By Tommy Isakson
Through the darkness of recent times, football has offered a beacon of light and hope to many. Think that’s a load of rubbish? Then there’s a decent chance you support someone from the North East.
Newcastle at a crossroads?
For the first time this season, it is difficult to figure out what to make of Newcastle. Until recently it was pretty clear: they were terrible. Admittedly, the combination of injury and Covid-19 hit them harder than most, but the sides they were selecting were still, fundamentally, Premier League quality. Or rather they should’ve been.
The lowest point came on arguably the day of the highest importance. An FL Cup quarter-final defeat to Brentford saw the Magpies squander their best shot at a trophy, or even just a final, for years. Steve Bruce’s men went to West London and were beaten not just by the better side on the night, but by the better team full-stop. Brentford, without eight key first-team players, seemed to be an objectively better team than them. A Championship side’s second string was too good for Newcastle United.
Then another humiliation from a team clad in red and white – a familiar feeling for the Toon Army – was dished out at Bramall Lane. Sheffield United had two points coming into the game and were giving an excellent audition for the role of ‘worst Premier League team ever’. Enter Newcastle, with three centre-halves, Paul Dummett deployed at left wing-back and, just in case that didn’t afford enough protection to keep the bluntest of Blades sides at bay, three holding midfielders. They lost 1-0.
Another defeat, this time to Leeds, featured a moment that summed up the Magpies’ plight. Along with the remarkable ease of the visitors’ goals, there was a free-kick in the first half, about 35 yards out in a central area. The defenders came forward and the commentators started rattling off Leeds’ appalling record at defending set-pieces. Experienced pro and gifted technician Jonjo Shelvey was poised. He walked up to the ball and, as nonchalantly as you like, booted the ball into the Leazes End. This wasn’t just a poor delivery: it was the delivery of a man who had given up.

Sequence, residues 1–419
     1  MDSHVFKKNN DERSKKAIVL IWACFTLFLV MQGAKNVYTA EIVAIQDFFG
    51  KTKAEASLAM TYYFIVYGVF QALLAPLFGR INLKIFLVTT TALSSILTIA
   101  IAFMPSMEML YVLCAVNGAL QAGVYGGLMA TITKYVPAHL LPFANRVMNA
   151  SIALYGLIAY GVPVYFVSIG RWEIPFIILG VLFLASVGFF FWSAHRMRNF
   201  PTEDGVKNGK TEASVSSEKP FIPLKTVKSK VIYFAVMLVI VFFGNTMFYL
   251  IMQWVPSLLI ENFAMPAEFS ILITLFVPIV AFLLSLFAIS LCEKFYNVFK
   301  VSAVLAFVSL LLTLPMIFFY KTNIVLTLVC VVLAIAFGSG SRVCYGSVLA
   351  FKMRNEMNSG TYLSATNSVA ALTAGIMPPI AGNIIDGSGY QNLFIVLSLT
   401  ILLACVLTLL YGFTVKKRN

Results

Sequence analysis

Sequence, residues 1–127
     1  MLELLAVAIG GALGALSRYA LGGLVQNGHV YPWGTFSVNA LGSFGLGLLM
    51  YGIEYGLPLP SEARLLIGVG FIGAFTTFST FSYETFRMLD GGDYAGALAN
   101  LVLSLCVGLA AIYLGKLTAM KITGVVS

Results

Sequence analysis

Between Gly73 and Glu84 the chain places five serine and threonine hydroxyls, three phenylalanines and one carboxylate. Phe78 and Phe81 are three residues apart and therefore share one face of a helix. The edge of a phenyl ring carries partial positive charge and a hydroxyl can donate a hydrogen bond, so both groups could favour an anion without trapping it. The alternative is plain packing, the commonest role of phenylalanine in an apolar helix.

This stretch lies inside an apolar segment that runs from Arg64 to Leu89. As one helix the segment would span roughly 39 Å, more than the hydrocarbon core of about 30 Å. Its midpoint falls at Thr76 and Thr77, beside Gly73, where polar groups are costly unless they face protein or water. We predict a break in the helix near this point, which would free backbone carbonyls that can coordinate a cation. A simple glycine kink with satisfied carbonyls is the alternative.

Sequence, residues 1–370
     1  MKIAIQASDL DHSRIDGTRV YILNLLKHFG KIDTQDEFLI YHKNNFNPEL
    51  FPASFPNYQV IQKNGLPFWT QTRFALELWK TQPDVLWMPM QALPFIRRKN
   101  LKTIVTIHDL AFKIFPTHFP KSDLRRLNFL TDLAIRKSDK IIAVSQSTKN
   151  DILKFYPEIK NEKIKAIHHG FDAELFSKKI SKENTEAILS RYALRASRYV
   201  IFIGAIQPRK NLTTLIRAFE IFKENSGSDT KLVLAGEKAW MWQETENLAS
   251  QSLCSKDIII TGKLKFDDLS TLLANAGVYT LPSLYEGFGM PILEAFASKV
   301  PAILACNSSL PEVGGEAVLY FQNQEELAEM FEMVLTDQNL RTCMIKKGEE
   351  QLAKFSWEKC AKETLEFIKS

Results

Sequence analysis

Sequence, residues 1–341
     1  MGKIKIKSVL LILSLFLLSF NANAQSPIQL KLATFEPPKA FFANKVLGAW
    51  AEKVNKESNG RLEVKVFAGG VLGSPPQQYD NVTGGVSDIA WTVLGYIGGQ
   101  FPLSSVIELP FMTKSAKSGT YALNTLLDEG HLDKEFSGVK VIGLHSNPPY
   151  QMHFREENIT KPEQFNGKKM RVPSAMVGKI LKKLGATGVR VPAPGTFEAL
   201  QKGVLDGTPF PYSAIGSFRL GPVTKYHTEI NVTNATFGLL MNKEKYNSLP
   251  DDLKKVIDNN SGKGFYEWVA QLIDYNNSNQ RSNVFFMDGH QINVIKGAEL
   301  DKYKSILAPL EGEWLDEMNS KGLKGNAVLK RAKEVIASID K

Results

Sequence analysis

Such signs made the 2-0 win at high-flying Everton a few days later more than a little surprising. The one continual positive of their campaign has been the form of Callum Wilson. Left to feed off the most meagre of scraps, the summer arrival is into double figures. After a defeat to Crystal Palace came yet another serious source of hope.
The win over Southampton, admittedly a Southampton fresh from their latest 9-0 defeat, was the result of a team determined to have a go at their visitors. Newcastle were too hot to handle for Southampton’s defence – heads still spinning from their last outing – and all was going swimmingly until Jeff Hendrick, surely one of their biggest disappointments this term, got needlessly sent off.
Injury to Fabien Schär with 10 to play left Newcastle with nine men to hold on to a one-goal led, and, to a man, they heroically battled their way to three points. Were it not for injury to Callum Wilson, this performance, including an excellent debut from Arsenal loanee Joe Willock, would be an inspiring belief in what could be to come. As it is, long term disillusionment with both club and manager leaves a looming sense that the return to misery is not far away.
Sunderland going nowhere fast
Sunderland envy clubs who fear a return to misery. They must have a reason to not be entirely miserable. The sacking of Phil Parkinson was one such reason on Wearside, as was the appointment of Lee Johnson, who seemed to be just what was needed. And he still is. What is also needed is a miracle.